Our adventurous PC was game — and the thoughtful, careful feedback I received from them and from ADHO’s CCC (especially from Julia Flanders and John Nerbonne on the latter committee) has been invaluable in putting together a set of experiments for DH 2013. Because setting up for the submissions phase of the conference was to coincide with the migration of the ConfTool system that runs it (along with all of ADHO’s other infrastructure! a speedy miracle wrought by Chris Meister and the committee he chairs), I limited my initial proposals to things that were possible without significant software development or changes to ADHO governing documents, which would require financing and voting. The reforms we ultimately took forward feel subtle in some cases and a little daring in others, particularly when you consider that this conference must make sense for people across a wild array of disciplines, professions, and national and cultural contexts.

Here, in bullet-point form, are the main changes and advancements we’ll be trying to make this year. Some of this could bomb. Some of it could suffer a tech fail. I think most of it will go through, and I will be working as hard as I can to make things operate smoothly and set us up for good assessment of successes and failures. Above all, I hope these experiments will be welcome within the community, meaningful for the intellectual program of the conference, and healthy for the coming-together of the practitioners DH 2013 attracts.

In roughly chronological order for the process, we:

  • continued a trend started by recent PCs in resolving not to issue what had become a “customary” 2-week deadline extension on the CFP. As you’re scrambling to submit, you’re probably cursing us. Why’d we do it? The extension was only “customary” if you are a long-time attendee — an insider. Otherwise not fair dealing.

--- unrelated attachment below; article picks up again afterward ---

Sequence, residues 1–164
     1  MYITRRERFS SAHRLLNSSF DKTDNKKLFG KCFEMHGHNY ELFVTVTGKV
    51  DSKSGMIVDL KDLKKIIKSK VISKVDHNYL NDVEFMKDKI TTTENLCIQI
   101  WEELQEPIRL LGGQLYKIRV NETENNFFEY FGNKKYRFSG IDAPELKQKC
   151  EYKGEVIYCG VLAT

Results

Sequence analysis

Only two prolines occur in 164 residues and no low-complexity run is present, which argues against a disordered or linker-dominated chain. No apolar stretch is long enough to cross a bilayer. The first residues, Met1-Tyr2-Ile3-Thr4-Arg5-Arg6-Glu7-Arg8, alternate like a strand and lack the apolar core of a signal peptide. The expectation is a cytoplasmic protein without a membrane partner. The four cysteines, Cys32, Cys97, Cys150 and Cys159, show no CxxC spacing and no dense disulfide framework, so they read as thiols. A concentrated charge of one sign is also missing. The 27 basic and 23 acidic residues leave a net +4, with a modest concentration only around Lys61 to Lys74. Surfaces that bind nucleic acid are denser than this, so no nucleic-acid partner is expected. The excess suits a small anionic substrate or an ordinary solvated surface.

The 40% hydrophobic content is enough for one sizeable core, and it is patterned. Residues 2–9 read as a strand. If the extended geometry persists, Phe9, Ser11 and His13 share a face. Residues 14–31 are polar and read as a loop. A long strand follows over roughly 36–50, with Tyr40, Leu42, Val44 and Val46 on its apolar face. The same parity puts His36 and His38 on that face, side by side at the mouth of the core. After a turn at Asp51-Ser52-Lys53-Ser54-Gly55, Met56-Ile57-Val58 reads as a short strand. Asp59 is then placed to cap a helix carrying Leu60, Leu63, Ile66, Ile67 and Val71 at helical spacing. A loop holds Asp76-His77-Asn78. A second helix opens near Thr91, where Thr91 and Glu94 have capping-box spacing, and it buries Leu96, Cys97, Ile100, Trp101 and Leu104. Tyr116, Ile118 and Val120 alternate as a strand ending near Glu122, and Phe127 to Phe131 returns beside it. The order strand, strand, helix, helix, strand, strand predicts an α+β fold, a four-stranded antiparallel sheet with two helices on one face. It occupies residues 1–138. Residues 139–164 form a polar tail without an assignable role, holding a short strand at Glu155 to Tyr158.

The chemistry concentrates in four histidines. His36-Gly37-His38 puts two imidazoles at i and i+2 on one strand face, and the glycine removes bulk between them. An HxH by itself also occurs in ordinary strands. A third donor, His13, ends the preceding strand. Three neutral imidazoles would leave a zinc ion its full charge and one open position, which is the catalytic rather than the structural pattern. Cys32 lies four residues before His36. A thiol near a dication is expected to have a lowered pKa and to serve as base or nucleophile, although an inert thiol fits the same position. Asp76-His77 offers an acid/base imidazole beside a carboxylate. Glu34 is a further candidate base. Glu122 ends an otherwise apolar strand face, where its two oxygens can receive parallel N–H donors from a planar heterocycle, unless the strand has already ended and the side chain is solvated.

• revised and improved the Guidelines for Authors and Reviewers (also adding brief explanations of some of the new features mentioned below).
  • greatly revised the CFP, combining two calls into one, reducing the overall wordiness of the beast, setting all deadlines in one fell swoop, reducing word counts for poster proposals, and simplifying requirements. This was done to promote clarity and ease the path to submissions for participants, but also to help ADHO’s Multilingual and Multicultural Committee with its annual task of translating the call into multiple languages. The CFP we produced can be used year after year with minor updates, and has already been translated into the Italian, Japanese, Spanish, Hungarian, French, Greek, Hebrew, Norwegian, German, Russian, and Serbian languages.
  • also on the international front, we’ve started collecting reviewer language competencies in a more standardized way. I hope we’ll extend the rudimentary system I set up next year, so that we can collect even more usable data for the semi-automated system of assigning reviews and for the analytical purposes of researchers and the MLMC, who are interested in understanding our global community better.